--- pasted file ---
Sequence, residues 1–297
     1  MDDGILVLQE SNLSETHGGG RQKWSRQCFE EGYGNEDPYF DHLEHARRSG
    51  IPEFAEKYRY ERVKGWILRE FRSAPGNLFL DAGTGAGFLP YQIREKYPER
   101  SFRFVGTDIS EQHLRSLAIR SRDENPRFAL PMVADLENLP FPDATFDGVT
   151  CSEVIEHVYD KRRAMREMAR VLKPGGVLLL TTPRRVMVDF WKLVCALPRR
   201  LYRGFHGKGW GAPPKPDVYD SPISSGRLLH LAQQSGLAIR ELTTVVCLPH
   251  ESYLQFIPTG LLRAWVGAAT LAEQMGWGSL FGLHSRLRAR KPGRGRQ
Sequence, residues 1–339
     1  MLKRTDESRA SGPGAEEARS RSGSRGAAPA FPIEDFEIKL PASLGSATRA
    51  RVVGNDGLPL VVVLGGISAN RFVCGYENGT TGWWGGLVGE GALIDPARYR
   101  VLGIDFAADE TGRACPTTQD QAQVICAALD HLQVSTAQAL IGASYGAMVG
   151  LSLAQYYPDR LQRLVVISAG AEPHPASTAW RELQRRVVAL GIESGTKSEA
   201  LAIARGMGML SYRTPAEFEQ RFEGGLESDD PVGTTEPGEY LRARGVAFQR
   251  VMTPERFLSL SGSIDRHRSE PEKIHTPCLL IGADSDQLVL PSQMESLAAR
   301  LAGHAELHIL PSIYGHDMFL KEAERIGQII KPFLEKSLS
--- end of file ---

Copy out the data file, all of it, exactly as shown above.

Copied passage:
Sequence, residues 1–297
     1  MDDGILVLQE SNLSETHGGG RQKWSRQCFE EGYGNEDPYF DHLEHARRSG
    51  IPEFAEKYRY ERVKGWILRE FRSAPGNLFL DAGTGAGFLP YQIREKYPER
   101  SFRFVGTDIS EQHLRSLAIR SRDENPRFAL PMVADLENLP FPDATFDGVT
   151  CSEVIEHVYD KRRAMREMAR VLKPGGVLLL TTPRRVMVDF WKLVCALPRR
   201  LYRGFHGKGW GAPPKPDVYD SPISSGRLLH LAQQSGLAIR ELTTVVCLPH
   251  ESYLQFIPTG LLRAWVGAAT LAEQMGWGSL FGLHSRLRAR KPGRGRQ
Sequence, residues 1–339
     1  MLKRTDESRA SGPGAEEARS RSGSRGAAPA FPIEDFEIKL PASLGSATRA
    51  RVVGNDGLPL VVVLGGISAN RFVCGYENGT TGWWGGLVGE GALIDPARYR
   101  VLGIDFAADE TGRACPTTQD QAQVICAALD HLQVSTAQAL IGASYGAMVG
   151  LSLAQYYPDR LQRLVVISAG AEPHPASTAW RELQRRVVAL GIESGTKSEA
   201  LAIARGMGML SYRTPAEFEQ RFEGGLESDD PVGTTEPGEY LRARGVAFQR
   251  VMTPERFLSL SGSIDRHRSE PEKIHTPCLL IGADSDQLVL PSQMESLAAR
   301  LAGHAELHIL PSIYGHDMFL KEAERIGQII KPFLEKSLS